Financial services are generally based on transfer of funds between parties. For example, when we borrow money from banks that money is deposited by someone. They earn interest for depositing their money, and we pay interest on the loan. The money moves between the depositor and borrower through the bank. On a larger scale, many people deposit money at the bank and the bank then lends that money to potentially many borrowers.
This involves the bank to manage large amount of currency, which, in turn, allows the bank to provide several financial services (forex, etc.). The bank basically pools money from many depositors to create a liquidity pool. The bank is also a centralized service provider.
Now let’s try to apply the same concept to decentralized systems. To provide financial services using decentralized applications — also known as DeFi or Decentralized Finance — users deposit (lock) their tokens in smart contracts to help create liquidity pools. Borrowers then borrow these tokens as loans and pay interest. Depositors earn interest for locking their tokens.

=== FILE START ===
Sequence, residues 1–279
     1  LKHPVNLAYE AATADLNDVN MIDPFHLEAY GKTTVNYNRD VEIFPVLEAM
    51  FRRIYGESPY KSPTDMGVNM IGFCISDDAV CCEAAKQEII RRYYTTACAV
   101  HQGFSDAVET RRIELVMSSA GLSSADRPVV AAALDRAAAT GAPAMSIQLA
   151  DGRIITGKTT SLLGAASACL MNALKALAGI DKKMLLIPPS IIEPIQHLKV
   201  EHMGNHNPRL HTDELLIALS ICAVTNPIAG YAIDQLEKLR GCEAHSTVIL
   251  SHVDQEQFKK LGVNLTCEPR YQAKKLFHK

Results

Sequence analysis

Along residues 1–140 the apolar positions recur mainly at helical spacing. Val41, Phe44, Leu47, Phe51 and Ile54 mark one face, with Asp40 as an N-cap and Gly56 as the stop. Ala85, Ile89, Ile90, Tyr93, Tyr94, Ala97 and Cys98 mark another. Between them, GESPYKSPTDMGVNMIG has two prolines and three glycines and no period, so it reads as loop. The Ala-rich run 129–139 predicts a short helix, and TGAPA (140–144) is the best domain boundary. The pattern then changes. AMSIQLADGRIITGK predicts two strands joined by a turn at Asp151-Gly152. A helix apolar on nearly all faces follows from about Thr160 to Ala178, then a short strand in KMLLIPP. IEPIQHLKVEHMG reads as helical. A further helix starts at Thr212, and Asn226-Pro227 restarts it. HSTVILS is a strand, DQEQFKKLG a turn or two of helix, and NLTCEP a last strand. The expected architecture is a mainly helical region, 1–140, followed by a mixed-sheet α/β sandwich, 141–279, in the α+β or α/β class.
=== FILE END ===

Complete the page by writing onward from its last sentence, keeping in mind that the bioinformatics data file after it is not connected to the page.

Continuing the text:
Liquidity pools are the basic building blocks and enablers for financial services in the DeFi space. In addition to simple lending, liquidity pools are also used in decentralized exchanges for token swaps. In such setting, the pools are maintained in token pairs so that users can easily swap or exchange their tokens with other tokens. The fee charged for the swap is (partly) distributed among the pool contributors/depositors.
The term for earning from contributing to liquidity pools is called Yield Farming. Users lock their tokens or token pairs in DeFi smart contracts and, in return, earn tokens. These could be some percentage of the same tokens and/or DeFi app specific tokens. Several DeFi apps provide features and strategies for users to maximize their yield by locking their tokens in multiple pools.